In particular, it is worth stressing that the ECJ ruled that 'in order to determine whether the contractor carries out the essential part of its activity for the contracting authority, including local authorities which are its controlling shareholders, an activity imposed on that contractor by a non-shareholder public authority for the benefit of local authorities which are also not shareholders of that contractor and do not exercise any control over it must not be taken into account, since that activity must be regarded as being carried out for third parties'. The following tries to clarify the reasons for this unsurprising finding, as well as the implications it may (or not) have in the interpretation of Art 12 Dir 2014/24.
UNDIS: Is IT Carbotermo plain and simple?
In Undis, the factual situation was as follows. Cogesa was a wholly public capital company owned by several municipalities of the Abruzzo Region (Italy). On 30 October 2014, the local authorities with shares in Cogesa entered into an agreement to exercise jointly over that body a control similar to that exercised over their own departments. By Integrated Environmental Authorisation No 9/11, the Abruzzo Region required Cogesa, in accordance with the principles of self-sufficiency, proximity and subsidiarity, to treat and recover the urban waste of certain municipalities of that region which were not shareholders of that company (see C-553/15, paras 11-13).
Undis, a potentially interested tenderer in the waste management contracts directly awarded to Cogesa, challenged these schemes on the grounds that the entrustment to Cogesa was contrary to the Teckal doctrine. For our purposes, it is relevant to stress that Undis challenged, in particular, that the criterion of intensity of the public/non-public activities of Cogesa was met, on the basis that 'Cogesa’s financial statements covering the years 2011 to 2013 indicated that only 50% of its overall activity had been performed with shareholder local authorities, given that activities carried out for the benefit of non-shareholder municipalities had to be included in that overall activity' (C-553/15, para 15).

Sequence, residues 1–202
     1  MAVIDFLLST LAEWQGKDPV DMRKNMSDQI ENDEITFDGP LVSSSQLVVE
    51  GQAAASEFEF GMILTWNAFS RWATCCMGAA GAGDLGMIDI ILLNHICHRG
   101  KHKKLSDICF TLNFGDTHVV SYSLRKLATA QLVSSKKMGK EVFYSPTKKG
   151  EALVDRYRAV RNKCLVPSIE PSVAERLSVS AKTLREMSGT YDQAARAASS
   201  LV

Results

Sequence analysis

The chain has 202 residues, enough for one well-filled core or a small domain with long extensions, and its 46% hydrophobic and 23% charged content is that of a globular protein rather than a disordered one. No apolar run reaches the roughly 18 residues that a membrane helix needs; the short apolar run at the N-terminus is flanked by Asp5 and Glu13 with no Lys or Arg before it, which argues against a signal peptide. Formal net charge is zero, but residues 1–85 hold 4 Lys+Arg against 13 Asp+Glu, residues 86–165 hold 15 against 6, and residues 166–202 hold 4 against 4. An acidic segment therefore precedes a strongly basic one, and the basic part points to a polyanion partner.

In short, then, the legal issue for the ECJ was to determine whether the direct requirement by the Abruzzo Region (which did not itself hold any shares) for Cogesa to manage waste of municipalities in the region other than its own shareholders could be saved from a finding that it implied an illegal direct award under the EU rules because, even if the criterion of similarity of control was met (which was also disputed), Cogesa was not carrying out the essential part of its activities with its controlling authorities. In that regard, and after stressing that the in-house doctrine must be constructed narrowly because it creates an exception to the general rules and objectives of EU public procurement law, the ECJ determined that